A lot of individuals and experts make a lot of different claims about what constitutes healthy eating these days. There's clean eating, gluten-free, grain-free, wheat-free, paleo, vegan, macrobiotic, sugar-free and on and on and on. It can be very confusing to know who's right and what's true; and the stakes are pretty darn high when words like cancer and poison are bandied about. Personally, I think if it works for you, then go for it. But just to be clear, by "works" I mean it makes you feel great, and it's not obsessive and alienating, or being driven by fear or a negative body image.
What works best for me is to follow my intuition. I know that when I eat vegetables, fruits, whole grains and legumes, I feel energetic and revitalized by my food. When I eat high fat, high sugar, low nutrient foods like french fries, cupcakes or my absolute favourite: fresh baguette and butter, I am in sensory heaven, but they don't make me feel physically restored. In fact, I often feel like taking little nap after an indulgent snack like that!
So in following my intuition, when someone is sick, I look to one of my whole foods cookbooks for something that's packed with nutrient rich ingredients and also appeals to my cooking imagination. Recently when a close friend and home cook extraordinaire came down with a serious case of influenza, I cracked out Amy Chaplin's gorgeous cookbook At Home In The Whole Foods Kitchen and came across this Hearty Winter Miso Soup with adzuki beans, squash and ginger. I was attracted to this recipe for a few reasons. First, the interesting ingredients: ginger juice, 2 types of miso, sesame oil and seaweed. Second, Chaplin’s claim that this soup is a “deeply nourishing meal” which sounds like the perfect thing to eat when your sick. And last, this cookbook has never steered me wrong.
When my dear sick friend took her first spoonful of this traditional Ayurvedic-style soup, it was plainly obvious to me that this was exactly what she needed. The finest meal in the finest restaurant could not have done for her, what this humble, but mighty soup did in that moment. And that, to me, is the epitome of intuitive eating. It certainly is a delicious soup, but I think it's particularly tasty when your body is craving something restorative and immune boosting. I promised I’d send her the recipe, so here is my ever so slightly adapted version!
HEARTY WINTER MISO SOUP
1/2 cup of adzuki beans soaked overnight (or one 455ml can)
8 cups of water
3 dried shitake mushrooms
1 tbsp. sesame oil (Amy says unrefined, untoasted, but I used toasted)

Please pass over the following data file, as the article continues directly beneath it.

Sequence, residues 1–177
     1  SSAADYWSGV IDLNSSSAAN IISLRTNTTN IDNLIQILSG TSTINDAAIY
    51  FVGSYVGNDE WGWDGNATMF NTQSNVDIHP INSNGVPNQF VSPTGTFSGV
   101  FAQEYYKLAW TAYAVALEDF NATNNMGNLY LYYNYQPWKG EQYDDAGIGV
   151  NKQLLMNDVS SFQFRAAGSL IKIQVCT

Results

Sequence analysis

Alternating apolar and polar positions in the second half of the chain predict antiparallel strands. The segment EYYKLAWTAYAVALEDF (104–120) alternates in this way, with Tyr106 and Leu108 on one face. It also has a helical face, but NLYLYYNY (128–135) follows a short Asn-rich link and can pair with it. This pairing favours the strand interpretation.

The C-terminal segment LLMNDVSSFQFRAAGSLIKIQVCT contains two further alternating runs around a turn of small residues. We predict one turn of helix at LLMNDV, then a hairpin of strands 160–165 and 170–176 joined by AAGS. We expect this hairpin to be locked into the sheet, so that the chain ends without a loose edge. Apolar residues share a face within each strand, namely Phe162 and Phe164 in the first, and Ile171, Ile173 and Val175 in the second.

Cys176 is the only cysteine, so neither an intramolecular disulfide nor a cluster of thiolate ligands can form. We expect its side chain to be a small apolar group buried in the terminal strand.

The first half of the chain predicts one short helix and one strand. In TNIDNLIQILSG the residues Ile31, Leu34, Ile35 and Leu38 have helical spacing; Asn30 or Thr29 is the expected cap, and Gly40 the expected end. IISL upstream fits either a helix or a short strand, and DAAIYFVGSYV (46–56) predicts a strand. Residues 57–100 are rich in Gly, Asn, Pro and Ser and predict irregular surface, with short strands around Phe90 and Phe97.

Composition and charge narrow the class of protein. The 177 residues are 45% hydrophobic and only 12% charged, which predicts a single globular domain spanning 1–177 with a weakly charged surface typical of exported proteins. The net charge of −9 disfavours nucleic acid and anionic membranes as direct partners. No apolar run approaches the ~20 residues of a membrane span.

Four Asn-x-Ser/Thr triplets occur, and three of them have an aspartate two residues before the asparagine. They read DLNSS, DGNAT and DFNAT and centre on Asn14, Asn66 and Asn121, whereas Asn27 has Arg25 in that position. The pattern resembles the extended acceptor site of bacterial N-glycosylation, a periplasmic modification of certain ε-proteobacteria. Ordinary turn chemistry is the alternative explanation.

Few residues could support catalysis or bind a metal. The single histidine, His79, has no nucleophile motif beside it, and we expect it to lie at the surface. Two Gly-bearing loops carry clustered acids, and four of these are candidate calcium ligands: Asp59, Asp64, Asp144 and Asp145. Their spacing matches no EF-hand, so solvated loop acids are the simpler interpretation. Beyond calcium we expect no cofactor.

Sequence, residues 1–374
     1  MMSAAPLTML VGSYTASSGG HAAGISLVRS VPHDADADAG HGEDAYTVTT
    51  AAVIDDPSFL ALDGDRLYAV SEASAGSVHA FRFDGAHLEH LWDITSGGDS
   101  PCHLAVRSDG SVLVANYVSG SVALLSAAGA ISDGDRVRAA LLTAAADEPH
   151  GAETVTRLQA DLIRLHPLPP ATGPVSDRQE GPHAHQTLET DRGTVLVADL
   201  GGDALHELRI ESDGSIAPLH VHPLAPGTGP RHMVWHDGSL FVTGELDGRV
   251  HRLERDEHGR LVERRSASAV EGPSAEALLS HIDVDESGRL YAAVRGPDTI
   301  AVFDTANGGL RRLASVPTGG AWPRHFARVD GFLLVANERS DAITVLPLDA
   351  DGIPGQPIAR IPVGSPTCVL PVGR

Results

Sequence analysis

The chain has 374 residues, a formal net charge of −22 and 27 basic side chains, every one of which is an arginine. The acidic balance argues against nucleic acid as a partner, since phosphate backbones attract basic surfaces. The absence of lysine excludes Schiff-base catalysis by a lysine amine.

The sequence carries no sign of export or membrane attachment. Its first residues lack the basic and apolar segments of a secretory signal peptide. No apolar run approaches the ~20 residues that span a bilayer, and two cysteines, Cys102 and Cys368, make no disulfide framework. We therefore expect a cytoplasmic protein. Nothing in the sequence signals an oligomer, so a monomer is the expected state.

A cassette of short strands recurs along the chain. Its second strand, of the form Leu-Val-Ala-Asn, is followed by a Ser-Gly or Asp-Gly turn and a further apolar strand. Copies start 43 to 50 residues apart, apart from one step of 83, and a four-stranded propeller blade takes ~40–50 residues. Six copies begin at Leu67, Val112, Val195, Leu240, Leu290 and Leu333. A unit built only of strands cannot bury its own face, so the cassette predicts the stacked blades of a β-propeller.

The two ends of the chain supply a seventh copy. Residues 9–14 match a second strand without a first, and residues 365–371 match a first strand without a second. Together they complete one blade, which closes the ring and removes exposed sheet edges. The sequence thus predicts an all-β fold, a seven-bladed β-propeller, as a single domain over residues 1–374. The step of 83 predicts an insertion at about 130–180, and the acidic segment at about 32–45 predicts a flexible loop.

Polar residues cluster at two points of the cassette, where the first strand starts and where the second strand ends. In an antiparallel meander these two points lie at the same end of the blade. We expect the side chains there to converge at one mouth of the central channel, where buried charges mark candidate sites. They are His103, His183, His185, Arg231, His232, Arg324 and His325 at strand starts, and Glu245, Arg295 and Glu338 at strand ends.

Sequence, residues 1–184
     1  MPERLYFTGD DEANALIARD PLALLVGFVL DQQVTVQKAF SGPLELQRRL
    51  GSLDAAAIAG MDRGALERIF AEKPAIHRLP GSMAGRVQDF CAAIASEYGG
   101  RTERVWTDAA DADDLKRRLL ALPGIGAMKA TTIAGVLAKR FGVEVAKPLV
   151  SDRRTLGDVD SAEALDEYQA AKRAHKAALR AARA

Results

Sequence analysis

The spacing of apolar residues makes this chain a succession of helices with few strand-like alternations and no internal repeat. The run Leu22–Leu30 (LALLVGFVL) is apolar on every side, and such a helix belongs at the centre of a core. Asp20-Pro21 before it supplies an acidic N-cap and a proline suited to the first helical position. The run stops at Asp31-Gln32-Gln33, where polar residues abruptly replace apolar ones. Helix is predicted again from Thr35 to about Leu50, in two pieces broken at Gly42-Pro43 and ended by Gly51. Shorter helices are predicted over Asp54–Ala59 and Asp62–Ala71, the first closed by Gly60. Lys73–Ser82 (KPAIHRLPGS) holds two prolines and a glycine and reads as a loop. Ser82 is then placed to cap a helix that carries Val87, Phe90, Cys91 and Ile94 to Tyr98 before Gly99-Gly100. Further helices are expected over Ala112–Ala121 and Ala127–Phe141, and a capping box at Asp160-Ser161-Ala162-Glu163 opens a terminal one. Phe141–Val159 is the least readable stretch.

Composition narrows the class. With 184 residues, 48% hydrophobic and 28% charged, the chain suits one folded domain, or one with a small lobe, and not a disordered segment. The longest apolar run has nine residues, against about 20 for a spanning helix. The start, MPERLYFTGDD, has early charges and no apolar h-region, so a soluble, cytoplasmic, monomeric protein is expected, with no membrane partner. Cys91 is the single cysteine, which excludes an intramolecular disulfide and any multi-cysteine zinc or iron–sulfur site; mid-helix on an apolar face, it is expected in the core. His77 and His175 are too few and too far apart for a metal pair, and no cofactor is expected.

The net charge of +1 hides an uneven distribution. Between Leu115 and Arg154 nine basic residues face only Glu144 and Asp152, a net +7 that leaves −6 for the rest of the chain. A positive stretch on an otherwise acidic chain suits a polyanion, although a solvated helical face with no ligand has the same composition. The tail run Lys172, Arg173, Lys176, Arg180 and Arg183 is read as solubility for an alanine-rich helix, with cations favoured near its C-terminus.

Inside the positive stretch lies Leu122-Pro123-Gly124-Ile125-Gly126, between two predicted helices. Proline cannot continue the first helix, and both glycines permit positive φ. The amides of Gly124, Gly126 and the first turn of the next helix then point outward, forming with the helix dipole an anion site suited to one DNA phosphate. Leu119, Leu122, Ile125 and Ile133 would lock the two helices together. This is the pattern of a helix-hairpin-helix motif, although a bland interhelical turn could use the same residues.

2 inch piece of kombu (optional, but good if you’re boiling the beans from scratch)
1 medium onion, quartered and thinly sliced
1 medium carrot, halved lengthwise and thinly sliced on a diagonal
2 cups squash, cut in 1/2 inch cubes
1 cup of thinly sliced kale leaves (preferably Lacinato)
2 tbsp or 1/4 oz of wakame, (soaked, drained and roughly chopped)
3 tbsp. plus 2 tsp dark miso (Amy says barley or brown rice, but I used red)
3 tbsp. chick pea miso
4 tsp of ginger juice (grate ginger and squeeze in your had over a bowl to extract juice)
green onion to garnish
Drain soaked beans and place in a pot with water, shiitakes and kombu. Cover pot, bring to a boil and simmer until beans are soft and creamy. (30 to 60 minutes depending on how fresh your beans are) Remove kombu and thinly slice shiitakes.
OR put water, shiitakes and kombu (if using) on the stove and boil for 20 min and open a can of adzuki beans. After 30 minutes, remove kombu and throw away. Take out shiitakes and thinly slice them. Toss the canned adzuki beans into the kombu, shiitake broth.
Warm oil in another pot over medium heat and add onions. Saute until translucent (around 3 minutes) and then add carrots, squash and saute for another minute or two. Add adzuki beans, broth and the sliced shiitakes. Reduce heat to low and simmer for 10 minutes or until the vegetables are cooked.
Stir in kale, wakame and simmer for 1 minute more. Dissolve the miso in a cup with a little bit of soup liquid and then pour in the miso over a medium strainer (to avoid chunks), pushing with a spoon. It’s best not to boil miso because it’s a live food and will lose some of its nutritional integrity if cooked at a high heat.
Stir in the ginger juice and remove from heat. Serve garnished with green onion.
Makes 4 to 6 bowls of soup
A FEW NOTES: I’ve made this soup twice now. The first time I made it with around half a cup of arame (another type of seaweed), which I thought was equally if not more delicious. It’s slightly chewier and already shredded. I also used canned beans the first time and I think they were slightly creamier than my scratch beans, which took forever to soften.
The second time I made this I also threw in some leftover mushrooms from the fridge (around 1 cup, thinly sliced) which works well, if you’re a mushroom fan. I’ve been eating this soup for breakfast all week and it’s been the perfect start to my day!